By the turn of the ’80s it was the unofficial benchmark for each commercial network to have two successful soapie dramas in the schedule. Seven had Cop Shop and Skyways, and Nine had The Sullivans and The Young Doctors. The then 0-10 Network had the popular Prisoner and teen drama The Restless Years. For some reason, the third ranked network pumped up to $3 million into risking another drama.
In the middle of 1979, the network had been considering a project titled Centaur, with a big business and horse racing theme. The project fell through when the network’s Melbourne channel, ATV0, backed out prior to the pilot going into production.
Pal Cleary, director of programming at TEN10 in Sydney, then recalled another concept for a series set in a shopping centre. He raised the idea with TEN10 general manager Ian Kennon and ATV0 executives Wilf Barker and Mike Lattin, all of which enthusiastically embraced the idea. Early storyline plans were sketched on pieces of paper napkin but had rather salacious themes, before the eager executives realised that shock tactics were not going to work. Audiences had moved on from the titillating days of Number 96 and The Box.
Despite wanting to move away from the Number 96 template, the executives secured the services of former Number 96 producer Bill Harmon, creator and story editor David Sale and scriptwriter Johnny Whyte to develop their new idea as lighter drama and comic fare for an early evening timeslot.
More than 1500 actors were auditioned across the country for the cast of 20, as TEN10’s Studio A was turned into a replica shopping mall, including shopfronts, shiny floors and real-life merchandise as props. A snappy disco-styled theme tune was composed by Rick Perjanik and sung by Doug Parkinson.
With the network pushing for a mid-January launch, production commenced in the last week of November, bypassing the making of a pilot.
When production finally commenced, the Arcade shopfronts included a newsagent, delicatessen, sports shop, record bar, gymnasium, gift shop and a pinball parlour. The cast included some familiar faces: Lorrae Desmond, Peggy Toppano, Mike Dorsey, Syd Heylen, Aileen Britton, Alan Finney and Danny Adcock.
Filling out the rest of the cast were Sinan Leong, Raymond Nock, Lucy Taylor, Patrick Ward, Olga Tamara, Anne Semler, Jeremy Kewley, Garth Meade, Maggie Stuart, Bill Charlton, Coral Kelly, Greg Bepper and Christine Harris.
With the soon-to-be-renamed Network Ten enthusiastically talking up the new show as being the huge hit for the 1980s, but declining to offer anything in the form of preview episodes, a willing media was still relaying every development ahead of the show’s launch. It was also well reported that it was set to take on early evening stalwarts Willesee At Seven and The Sullivans.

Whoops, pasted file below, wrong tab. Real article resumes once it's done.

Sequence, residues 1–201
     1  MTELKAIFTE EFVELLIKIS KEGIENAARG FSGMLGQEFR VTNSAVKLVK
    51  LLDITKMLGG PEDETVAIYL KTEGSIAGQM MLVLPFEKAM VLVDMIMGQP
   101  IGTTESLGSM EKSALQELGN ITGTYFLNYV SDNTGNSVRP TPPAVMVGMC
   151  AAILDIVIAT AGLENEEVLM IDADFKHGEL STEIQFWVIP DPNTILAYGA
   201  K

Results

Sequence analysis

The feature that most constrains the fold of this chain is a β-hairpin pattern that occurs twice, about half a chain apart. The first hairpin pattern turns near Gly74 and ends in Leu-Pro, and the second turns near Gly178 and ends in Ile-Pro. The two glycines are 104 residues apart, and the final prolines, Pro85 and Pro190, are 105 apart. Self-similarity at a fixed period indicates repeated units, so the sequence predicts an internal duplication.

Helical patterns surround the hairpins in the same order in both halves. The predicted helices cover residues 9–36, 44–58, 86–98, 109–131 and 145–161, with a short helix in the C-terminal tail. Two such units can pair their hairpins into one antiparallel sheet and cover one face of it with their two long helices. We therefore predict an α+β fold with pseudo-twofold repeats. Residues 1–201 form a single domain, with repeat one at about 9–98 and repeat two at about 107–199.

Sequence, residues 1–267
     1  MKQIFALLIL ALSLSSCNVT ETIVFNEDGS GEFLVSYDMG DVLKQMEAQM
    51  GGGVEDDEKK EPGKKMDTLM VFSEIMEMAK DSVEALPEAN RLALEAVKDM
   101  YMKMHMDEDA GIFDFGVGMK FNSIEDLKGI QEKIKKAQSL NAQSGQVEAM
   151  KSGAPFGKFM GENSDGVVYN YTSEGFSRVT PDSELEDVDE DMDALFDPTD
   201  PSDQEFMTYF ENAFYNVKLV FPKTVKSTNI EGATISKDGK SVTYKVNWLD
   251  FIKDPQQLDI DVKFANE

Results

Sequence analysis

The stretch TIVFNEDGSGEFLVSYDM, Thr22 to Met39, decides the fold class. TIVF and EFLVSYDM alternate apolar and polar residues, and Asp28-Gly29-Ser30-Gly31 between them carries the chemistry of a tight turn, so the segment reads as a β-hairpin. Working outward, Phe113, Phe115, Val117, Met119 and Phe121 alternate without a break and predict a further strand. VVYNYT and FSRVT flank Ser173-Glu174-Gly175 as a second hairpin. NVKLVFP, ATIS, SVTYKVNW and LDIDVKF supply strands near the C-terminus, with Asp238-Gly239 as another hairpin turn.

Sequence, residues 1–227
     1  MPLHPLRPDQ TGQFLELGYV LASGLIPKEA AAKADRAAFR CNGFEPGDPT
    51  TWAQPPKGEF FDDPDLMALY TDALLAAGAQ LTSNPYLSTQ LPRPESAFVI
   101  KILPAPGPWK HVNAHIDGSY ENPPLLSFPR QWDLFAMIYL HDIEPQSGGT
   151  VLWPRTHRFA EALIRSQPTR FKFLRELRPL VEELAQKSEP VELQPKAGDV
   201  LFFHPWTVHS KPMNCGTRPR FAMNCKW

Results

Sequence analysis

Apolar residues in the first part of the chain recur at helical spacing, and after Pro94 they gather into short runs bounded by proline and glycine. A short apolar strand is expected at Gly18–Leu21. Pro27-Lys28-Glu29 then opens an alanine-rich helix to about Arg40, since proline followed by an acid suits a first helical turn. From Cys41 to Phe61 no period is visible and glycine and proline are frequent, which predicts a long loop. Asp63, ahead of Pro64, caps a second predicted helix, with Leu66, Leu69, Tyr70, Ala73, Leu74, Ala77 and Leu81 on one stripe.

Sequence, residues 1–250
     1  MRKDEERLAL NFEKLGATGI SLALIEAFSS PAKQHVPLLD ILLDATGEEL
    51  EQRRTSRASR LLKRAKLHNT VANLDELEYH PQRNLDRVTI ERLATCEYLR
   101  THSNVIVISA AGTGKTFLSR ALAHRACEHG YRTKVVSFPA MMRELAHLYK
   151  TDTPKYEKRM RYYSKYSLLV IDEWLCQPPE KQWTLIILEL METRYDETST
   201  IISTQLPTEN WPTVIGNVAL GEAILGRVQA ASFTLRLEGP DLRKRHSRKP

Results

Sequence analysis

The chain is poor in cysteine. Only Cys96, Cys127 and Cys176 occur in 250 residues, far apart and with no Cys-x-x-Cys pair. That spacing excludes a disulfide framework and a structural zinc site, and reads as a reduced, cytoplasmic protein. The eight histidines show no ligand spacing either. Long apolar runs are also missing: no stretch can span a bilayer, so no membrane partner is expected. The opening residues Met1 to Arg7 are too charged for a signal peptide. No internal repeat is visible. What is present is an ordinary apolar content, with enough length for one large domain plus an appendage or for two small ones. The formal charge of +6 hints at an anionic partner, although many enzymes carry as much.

Arcade made its grand opening across the network on Sunday 20 January 1980 with a 90-minute episode before settling into a regular half-hour weeknight timeslot. Viewers were introduced to the mix of characters that populated the shopping centre, many of which the usual soapie stereotypes, both comically over-the-top and otherwise, but there were some commendable nods to diverse representation. The characters included a Chinese-Australian family running the delicatessen, and one that used a wheelchair (though played by an able-bodied actor).
Despite its massive pre-launch publicity and reporting and elaborate 90-minute debut, viewers did not seem that interested in the promise of tales from a suburban shopping mall. Audience surveys did not bode well for Ten’s new show, and rival network Nine stirred the pot by issuing a press release to trumpet its summer cricket coverage but included some of the less flattering results for Arcade.
While some of the show’s stars were bravely quoted in press articles promising that the show needed time to settle in, the network was about to pounce as its expensive gamble had gone from hero to zero.
Arcade was axed at the end of February, after only six weeks, though its axing was too late to undo some prominent magazine coverage that was already in print, centred around previewing an upcoming wedding in the show that was now never to see the light of day.
The expensive set that filled Studio A was dismantled and dumped outside Ten’s studios as an invitation to passers by for free fire wood.
Network management, while conceding that attempting to make Arcade in-house was a mistake, tried to throw the scriptwriters under the bus for Arcade‘s failure. But Sale in his autobiography Number 96, Mavis Bramston And Me, decried that the show’s biggest flaw was that it was a constantly moving target in development, with episode structure, storylines and even menial details relating to the use of certain props all up for interference and debate by network executives.
If a positive legacy could be derived from Arcade, it was that two of its cast — Lorrae Desmond and Syd Heylen — were spotted by future A Country Practice producer James Davern, who cast them both for ongoing roles in his new rural drama that launched in 1981.
Source: TV Week, 10 November 1979, 19 January 1980. TV Guide, 8 December 1979, 5 January 1980. TV Times, 1 March 1980. The Australian Women’s Weekly TV World, 4 April 1981. Super Aussie Soaps, Andrew Mercado. Number 96, Mavis Bramston And Me.